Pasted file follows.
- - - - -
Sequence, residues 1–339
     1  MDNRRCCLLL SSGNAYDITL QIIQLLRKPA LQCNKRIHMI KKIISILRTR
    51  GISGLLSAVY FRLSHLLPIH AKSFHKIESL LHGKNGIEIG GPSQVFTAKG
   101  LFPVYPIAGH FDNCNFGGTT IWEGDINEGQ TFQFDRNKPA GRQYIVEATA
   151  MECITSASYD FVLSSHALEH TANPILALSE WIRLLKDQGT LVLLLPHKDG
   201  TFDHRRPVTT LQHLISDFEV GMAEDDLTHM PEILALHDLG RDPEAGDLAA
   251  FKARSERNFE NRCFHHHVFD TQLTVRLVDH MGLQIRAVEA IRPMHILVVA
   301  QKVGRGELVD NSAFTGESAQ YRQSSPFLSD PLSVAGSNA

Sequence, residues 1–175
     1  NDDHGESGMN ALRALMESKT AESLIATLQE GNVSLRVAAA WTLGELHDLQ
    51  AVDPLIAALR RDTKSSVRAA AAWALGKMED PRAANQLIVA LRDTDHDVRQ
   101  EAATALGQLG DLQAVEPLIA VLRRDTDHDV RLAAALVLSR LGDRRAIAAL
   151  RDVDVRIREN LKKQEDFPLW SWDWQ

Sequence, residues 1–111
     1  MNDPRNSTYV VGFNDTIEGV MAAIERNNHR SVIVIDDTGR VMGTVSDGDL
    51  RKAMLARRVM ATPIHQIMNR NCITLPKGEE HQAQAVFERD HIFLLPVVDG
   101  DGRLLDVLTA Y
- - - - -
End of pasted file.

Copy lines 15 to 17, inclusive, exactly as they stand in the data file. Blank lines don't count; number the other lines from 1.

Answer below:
     1  MNDPRNSTYV VGFNDTIEGV MAAIERNNHR SVIVIDDTGR VMGTVSDGDL
    51  RKAMLARRVM ATPIHQIMNR NCITLPKGEE HQAQAVFERD HIFLLPVVDG
   101  DGRLLDVLTA Y